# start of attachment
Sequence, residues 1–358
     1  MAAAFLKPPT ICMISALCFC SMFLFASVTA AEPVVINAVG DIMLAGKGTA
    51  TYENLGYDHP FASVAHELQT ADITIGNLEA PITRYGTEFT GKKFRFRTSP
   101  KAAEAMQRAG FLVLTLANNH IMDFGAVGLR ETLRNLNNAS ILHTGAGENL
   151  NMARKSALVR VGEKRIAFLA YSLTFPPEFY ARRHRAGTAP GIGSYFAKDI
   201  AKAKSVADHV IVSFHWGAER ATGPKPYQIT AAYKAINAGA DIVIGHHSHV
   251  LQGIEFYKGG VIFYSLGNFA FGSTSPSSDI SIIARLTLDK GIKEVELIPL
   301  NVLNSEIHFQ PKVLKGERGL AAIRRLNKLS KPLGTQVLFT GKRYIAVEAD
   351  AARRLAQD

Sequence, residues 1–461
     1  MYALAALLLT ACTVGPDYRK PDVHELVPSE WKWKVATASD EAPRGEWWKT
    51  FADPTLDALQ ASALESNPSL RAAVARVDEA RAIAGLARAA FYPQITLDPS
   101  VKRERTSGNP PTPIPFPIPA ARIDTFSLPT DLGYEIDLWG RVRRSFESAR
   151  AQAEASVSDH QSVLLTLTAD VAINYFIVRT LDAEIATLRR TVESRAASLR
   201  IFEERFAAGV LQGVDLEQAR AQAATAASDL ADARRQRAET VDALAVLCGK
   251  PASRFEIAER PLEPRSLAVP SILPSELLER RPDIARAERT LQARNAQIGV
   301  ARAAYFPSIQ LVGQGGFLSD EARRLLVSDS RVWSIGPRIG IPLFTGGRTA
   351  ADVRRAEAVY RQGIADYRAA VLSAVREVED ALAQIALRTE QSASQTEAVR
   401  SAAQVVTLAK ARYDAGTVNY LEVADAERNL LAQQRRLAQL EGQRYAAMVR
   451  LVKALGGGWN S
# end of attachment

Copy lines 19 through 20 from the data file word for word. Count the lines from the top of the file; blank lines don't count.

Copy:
   401  SAAQVVTLAK ARYDAGTVNY LEVADAERNL LAQQRRLAQL EGQRYAAMVR
   451  LVKALGGGWN S